5 Nonprofit Trends to Watch in 2013
I’m more of an optimist than fortune-teller, but the nonprofit sector is changing in some exciting ways. And I, for one, am excited to see what the new year brings. Following are five trends we should watch for.
1. More demand for outcomes
The biggest trend I see is a growing demand for nonprofits to articulate what results they hope their work will achieve and track whether those results are actually happening. Nonprofits have long discussed the outputs of their work: number of people served, number of services provided, etc. But the sector is increasingly being asked to articulate and track the outcomes that are achieved. How are people’s lives changing because of the work a nonprofit does? Social change has become an increasing demand of funders and other supporters. That means nonprofits must develop their own theories of change (how they use community resources to create change to a social problem) and then measure whether that theory is becoming a reality.
This increasing focus on nonprofit outcomes is leading to the four other trends.
2. Decreasing emphasis on nonprofit 'overhead'
The bane of the nonprofit sector is the meaningless and destructive public perception that you can separate nonprofit programs from the administrative costs (staff, technology, systems, materials, fundraising) to make those programs happen. This separation is so destructive because it forces nonprofits into a misalignment of money, mission and competence, which sets them up for failure. A nonprofit cannot succeed if it doesn’t integrate its operations and moneymaking efforts into its mission. But the good news is more and more people realize you can’t just invest in programs without the staff, infrastructure and fundraising to make those programs happen.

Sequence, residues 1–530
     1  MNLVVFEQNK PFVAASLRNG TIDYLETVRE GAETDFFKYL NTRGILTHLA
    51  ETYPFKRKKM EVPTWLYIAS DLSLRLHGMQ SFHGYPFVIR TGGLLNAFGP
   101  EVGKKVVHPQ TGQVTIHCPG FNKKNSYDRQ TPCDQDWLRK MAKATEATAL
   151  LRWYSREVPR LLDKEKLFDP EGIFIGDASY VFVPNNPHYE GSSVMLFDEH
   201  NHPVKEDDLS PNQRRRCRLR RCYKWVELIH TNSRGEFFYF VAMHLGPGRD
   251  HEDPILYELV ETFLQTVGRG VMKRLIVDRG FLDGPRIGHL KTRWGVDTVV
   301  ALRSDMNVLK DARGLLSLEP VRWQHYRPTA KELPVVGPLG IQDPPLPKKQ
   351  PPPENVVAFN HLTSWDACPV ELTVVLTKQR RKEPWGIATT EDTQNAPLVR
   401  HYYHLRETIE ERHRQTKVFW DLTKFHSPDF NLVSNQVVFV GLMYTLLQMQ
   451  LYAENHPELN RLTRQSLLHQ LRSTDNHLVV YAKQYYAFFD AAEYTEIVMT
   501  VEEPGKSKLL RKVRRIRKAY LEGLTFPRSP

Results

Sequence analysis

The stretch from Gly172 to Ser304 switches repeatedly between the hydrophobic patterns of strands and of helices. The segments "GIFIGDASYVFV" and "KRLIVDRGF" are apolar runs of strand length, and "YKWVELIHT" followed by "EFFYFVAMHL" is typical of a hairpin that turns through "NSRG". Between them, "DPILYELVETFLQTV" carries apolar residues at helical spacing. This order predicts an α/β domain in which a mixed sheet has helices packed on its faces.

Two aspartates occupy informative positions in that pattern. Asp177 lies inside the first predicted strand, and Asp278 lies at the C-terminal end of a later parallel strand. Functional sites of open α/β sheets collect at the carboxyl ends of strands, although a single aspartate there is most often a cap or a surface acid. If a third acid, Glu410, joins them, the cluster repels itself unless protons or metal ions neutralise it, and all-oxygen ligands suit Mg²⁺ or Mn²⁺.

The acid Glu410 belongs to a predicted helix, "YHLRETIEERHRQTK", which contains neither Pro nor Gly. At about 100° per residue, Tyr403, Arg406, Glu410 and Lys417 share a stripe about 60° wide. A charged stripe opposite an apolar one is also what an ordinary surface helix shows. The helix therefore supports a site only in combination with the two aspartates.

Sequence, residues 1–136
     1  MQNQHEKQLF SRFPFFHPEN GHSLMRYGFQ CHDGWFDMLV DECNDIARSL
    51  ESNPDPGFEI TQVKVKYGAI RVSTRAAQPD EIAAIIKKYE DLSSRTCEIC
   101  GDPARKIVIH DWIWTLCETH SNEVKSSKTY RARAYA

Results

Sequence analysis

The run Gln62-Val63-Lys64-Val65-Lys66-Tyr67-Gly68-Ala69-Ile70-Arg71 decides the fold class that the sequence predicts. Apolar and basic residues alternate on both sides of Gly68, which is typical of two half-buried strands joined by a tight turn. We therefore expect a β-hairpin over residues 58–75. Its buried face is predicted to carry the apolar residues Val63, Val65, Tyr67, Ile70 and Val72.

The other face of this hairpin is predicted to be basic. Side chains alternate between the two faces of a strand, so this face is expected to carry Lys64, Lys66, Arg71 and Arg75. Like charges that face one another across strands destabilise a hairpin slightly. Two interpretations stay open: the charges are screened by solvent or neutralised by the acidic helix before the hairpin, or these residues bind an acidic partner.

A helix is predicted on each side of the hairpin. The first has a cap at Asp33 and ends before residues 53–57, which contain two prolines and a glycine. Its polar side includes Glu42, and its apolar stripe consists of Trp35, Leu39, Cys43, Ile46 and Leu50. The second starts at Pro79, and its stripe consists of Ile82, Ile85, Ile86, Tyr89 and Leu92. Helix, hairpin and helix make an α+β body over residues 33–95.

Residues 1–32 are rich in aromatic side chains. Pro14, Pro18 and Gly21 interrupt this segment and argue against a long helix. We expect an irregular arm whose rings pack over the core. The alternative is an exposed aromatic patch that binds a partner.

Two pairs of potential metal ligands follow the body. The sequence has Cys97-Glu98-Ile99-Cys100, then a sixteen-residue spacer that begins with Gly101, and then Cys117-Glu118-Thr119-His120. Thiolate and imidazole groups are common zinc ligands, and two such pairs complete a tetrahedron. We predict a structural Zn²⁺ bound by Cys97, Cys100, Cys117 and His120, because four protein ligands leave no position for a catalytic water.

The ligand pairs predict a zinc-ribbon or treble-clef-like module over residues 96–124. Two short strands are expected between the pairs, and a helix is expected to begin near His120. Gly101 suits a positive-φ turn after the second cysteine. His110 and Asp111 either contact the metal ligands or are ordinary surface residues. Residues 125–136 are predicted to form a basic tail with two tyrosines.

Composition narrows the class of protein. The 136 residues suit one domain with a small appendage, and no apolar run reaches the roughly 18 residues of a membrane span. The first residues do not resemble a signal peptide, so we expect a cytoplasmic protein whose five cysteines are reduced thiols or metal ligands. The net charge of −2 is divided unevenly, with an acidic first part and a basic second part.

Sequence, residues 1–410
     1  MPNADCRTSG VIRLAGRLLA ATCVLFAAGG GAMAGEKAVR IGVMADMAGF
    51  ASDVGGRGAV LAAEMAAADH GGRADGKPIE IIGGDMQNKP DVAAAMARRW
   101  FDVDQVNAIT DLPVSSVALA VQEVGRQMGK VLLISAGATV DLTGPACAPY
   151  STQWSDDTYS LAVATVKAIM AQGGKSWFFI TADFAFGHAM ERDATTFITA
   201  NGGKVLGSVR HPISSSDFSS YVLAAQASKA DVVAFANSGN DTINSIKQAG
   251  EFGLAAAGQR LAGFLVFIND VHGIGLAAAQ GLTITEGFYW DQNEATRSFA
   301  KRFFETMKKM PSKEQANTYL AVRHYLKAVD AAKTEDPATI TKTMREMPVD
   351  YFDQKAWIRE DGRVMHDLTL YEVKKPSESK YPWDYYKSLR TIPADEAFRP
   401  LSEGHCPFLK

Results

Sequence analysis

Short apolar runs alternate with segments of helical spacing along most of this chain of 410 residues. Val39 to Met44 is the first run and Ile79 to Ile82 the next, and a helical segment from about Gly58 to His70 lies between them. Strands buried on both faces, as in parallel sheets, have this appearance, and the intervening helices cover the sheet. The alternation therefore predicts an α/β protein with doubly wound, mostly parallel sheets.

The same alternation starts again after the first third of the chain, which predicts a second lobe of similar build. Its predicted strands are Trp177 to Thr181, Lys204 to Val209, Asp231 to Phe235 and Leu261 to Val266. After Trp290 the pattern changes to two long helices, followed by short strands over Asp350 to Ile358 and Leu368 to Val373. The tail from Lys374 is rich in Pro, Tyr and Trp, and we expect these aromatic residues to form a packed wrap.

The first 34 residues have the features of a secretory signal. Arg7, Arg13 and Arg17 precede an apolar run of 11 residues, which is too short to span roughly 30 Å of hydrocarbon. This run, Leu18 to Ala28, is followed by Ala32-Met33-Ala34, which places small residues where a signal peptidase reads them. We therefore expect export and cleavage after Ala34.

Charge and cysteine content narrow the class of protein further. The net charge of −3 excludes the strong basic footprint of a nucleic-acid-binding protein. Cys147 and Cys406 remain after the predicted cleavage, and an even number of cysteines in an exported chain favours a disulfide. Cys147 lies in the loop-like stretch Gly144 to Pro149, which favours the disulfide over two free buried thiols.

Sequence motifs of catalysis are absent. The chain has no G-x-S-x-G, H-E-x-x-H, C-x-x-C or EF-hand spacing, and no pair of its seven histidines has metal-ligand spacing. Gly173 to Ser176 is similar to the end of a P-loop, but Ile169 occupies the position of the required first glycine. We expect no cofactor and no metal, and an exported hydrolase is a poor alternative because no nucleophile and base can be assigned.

3. More advocacy for the sector as a whole
The nonprofit sector has long been a fractured grouping of organizations of various sizes, business models and issue areas. It has been almost impossible to organize the disparate sector to fight for better government regulations, improved public perception and more funding. But that tide is starting to turn. With the advent of groups like CForward and a growing discussion about how best to advocate for the sector as a whole, I believe that we will start to see the sector organize, mobilize and build the confidence necessary to claim its rightful place.
4. Savvier donors
Because nonprofits are getting more savvy, donors are as well. In addition to an increasing demand for proof of outcomes, donors are slowly starting to understand the difference between two kinds of money in the sector: revenue and capital. They are starting to recognize that nonprofits cannot exist on revenue alone. Nonprofits must have infusions of capital every now and then to strengthen and grow their staff, technology, systems and fundraising. Call me crazy, but I truly believe that donors are becoming more open to making capacity capital investments in the nonprofits they love. That’s because donors are realizing that in such a stark economic environment nonprofits that don’t have adequate infrastructure simply will not survive, let alone be able to adequately address the social problems they were organized to solve.
5. Increased efforts to rate and compare nonprofits
As nonprofit outcomes are increasingly in demand, donors become savvier and the “nonprofit overhead” distinction diminishes, we will increasingly evaluate nonprofits based on the results they achieve, not on how they spend their money. But that requires a whole infrastructure for evaluating and rating nonprofits to emerge, just as it has for the financial markets. This has already started with Markets for Good, GreatNonprofits and the changes Charity Navigator has made to how it rates nonprofits. I think this market for nonprofit rating infrastructure will continue to grow and evolve as we get smarter about focusing resources on the most effective nonprofits.
These are exciting times for the nonprofit sector. It seems that for the first time in a long time everything is on the table. And it's up to nonprofits to understand the trends and where they fit as the sector evolves.
Nell Edgington is president of Social Velocity.